And regardless of how exhausted you or your children may be, don’t be tempted to skip winding down from the day.  This is part of a nighttime ritual and allows both child and parent to decompress after a busy day. It also helps bedtime go more smoothly.  This is usually the time of day when parent and child can spend some quality time together, so fight the urge to start the laundry or do the dishes until after the child has gone to bed.  If this isn’t possible, consider trading off these duties with your spouse each night to ensure your child has quality time with each parent on a regular basis. Take the time to find out what wind-down strategy works best for your child.  Some children are actually energized instead of relaxed by a warm bath, so if that’s the case with your child, bath time should be saved for a different time of day. Whatever routine you settle on, make it quiet, relaxing, and tranquil for everyone.  

And though routines are essential, there should be some room to be flexible as well.  You might be out late at night on a family outing, have unexpected company show up that may result in a skipped meal or nap in the car while running errands in the evening.  In these instances, it’s important for you to keep your cool. If you express frustration or anger about disrupting the routine, your child will as well. Prepare children for such unexpected events and show them that though it can happen from time to time, the routine will return the next day.

how to keep your sleeping baby safeGet a  book by the author Bakshi Sidhu


 

child development, healthy food, Relationships

The Family that Eats Together Stays Healthy Together

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Recent studies have shown that not only do children like to sit down at the dinner table and eat a meal with their parents, but they are more likely to eat a well-balanced, nutritious meal when they do.  But with the hectic lives we seem to lead these days, getting the family all together in the same place at the same time can be a difficult chore. Between work schedules, after-school activities, errands, and the like, it seems we have less and less time.   But with a few simple ideas and some planning, meal time can be an enjoyable and treasured family time.

Designate no less than one night per week to have a sit-down meal with your family.  Sunday nights are usually a good choice for this because you have more time to relax and the weekend chores have been completed. 

Involve your children in the meal planning and preparation.  This gives them a strong sense of self and the foundation for a lifetime of healthy meal planning and preparation.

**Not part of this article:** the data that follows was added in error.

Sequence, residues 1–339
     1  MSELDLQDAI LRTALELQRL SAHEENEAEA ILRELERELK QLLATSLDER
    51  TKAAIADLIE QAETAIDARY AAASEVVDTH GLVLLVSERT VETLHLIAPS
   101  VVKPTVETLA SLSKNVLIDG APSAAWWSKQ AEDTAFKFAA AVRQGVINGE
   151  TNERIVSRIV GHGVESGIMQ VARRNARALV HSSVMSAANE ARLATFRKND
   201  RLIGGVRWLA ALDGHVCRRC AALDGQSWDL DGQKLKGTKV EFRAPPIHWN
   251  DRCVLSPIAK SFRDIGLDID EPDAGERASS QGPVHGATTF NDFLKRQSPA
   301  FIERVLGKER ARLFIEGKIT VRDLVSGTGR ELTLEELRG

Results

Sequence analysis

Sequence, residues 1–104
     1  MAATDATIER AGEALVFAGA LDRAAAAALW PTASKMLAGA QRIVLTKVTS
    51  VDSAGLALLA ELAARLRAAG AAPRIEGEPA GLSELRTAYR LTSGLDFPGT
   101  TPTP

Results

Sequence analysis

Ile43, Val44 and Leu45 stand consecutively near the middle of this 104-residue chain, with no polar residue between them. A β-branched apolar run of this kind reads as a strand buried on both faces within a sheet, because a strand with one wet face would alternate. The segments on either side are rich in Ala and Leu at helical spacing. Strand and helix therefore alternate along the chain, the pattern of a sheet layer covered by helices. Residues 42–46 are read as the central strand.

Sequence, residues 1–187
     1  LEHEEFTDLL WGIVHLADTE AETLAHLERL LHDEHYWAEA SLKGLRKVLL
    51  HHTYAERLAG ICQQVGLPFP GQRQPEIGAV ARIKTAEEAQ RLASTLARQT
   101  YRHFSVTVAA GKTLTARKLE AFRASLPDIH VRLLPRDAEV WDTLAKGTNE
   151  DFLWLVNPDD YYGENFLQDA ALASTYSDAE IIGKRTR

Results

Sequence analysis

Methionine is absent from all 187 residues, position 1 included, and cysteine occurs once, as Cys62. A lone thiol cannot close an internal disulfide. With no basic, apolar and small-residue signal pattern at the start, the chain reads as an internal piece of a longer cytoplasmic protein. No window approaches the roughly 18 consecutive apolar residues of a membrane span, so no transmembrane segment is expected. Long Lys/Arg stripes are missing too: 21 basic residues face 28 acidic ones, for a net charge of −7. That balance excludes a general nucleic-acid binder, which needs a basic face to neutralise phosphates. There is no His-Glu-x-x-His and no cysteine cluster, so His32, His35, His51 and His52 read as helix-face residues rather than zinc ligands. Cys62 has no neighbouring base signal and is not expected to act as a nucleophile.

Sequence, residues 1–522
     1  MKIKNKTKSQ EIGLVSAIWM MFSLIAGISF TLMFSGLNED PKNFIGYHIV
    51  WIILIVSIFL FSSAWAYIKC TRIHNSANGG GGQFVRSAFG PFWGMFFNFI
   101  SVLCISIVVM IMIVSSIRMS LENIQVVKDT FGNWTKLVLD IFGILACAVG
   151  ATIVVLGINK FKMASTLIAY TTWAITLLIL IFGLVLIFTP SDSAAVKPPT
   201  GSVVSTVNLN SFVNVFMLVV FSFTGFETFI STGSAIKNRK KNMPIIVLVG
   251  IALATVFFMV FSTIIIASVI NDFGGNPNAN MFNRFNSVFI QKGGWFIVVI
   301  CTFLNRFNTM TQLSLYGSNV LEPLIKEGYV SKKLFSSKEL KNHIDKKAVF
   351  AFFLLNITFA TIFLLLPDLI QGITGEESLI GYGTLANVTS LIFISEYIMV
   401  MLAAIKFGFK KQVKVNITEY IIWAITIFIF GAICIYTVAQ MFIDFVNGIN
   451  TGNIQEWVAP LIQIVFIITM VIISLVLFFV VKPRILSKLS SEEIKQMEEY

Make sure the television is off, and make it a rule that all phone calls go to voice mail or the answering machine during the meal.  Take this time to visit with one another and enjoy one another’s company.  This is a great time to reconnect and find out what events happened this week.  Take your time eating, and teach your children how to do the same in the process.  Eating slowly is a healthy habit.  Don’t jump up and start clearing dishes and putting things away until everyone is done eating and talking.

On those days that you can’t sit down as a family, try to make a habit of sitting down and chatting with them while they are eating, instead of rushing around catching up on the chores.  This shows them you’re interested and that you care and want to be and involved and important part of their every day life.


 

how to effectively breastfeed babiesGet a  book by the author Bakshi Sidhu

family conflict, Relationships

The Detrimental Effects of Verbal Abuse and How to Stop the Cycle

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“Sticks and stones may break my bones, but names will never hurt me.”

That’s just not true. Name-calling hurts — especially when the person doing it is a parent, a teacher, or a coach. Yelling and screaming might have been the way you were brought up and you might think it worked for you, so why wouldn’t it work for your kids? But did it? Remember how it made you feel. You probably felt belittled, devalued, and insignificant. You certainly don’t want your own children to feel that way.   It may cause emotional trauma that can result in long-term hurt. Among other things, verbal abuse can undermine your child’s self-esteem, damage his ability to trust and form relationships, and chip away at his academic and social skills. Name-calling, swearing, insulting, threatening bodily harm, blaming or using sarcasm are all forms of verbal abuse.

What are the signs that a child is suffering from verbal abuse?  They may have a very negative self-image.  They may commit acts that are self-destructive, such as cutting, hitting or scratching themselves, as well as other reckless and dangerous activities. They may exhibit physical aggression, be delinquent in school, or display interpersonal problems.  They may hit other children, frequently fight with classmates at school, or be cruel to animals.  They may also exhibit delays in their social, physical, academic or emotional development.

Recent research suggests that children who suffer from verbal abuse are highly likely to become victims of abuse later in life, become abusive themselves, or become depressed and self-destructive later in life

It’s normal for most parents at one time or another to feel frustrated and angry with their children.  They may lash out verbally in these instances and say things they later regret.  It’s when these instances become more and more frequent that there is cause for concern.  If this describes you, it’s imperative that you seek professional help to learn more positive, meaningful and constructive forms of discipline, and for help in learning methods to control your anger.  Remember to give yourself a time out if you feel an outburst coming on.  Try to refrain from saying mean, sarcastic or belittling things to your child.  Remember, your child learns what he lives.  Don’t be a bad example and teach him bad behavior early on.

Remember that your child is a precious gift and should be treated with love, kindness, respect and tenderness.  If you exhibit these to your child on a daily basis, they will learn what they live and grow to do the same as adults.


how to be the most loving parent the smart wayGet a  book by the author Bakshi Sidhu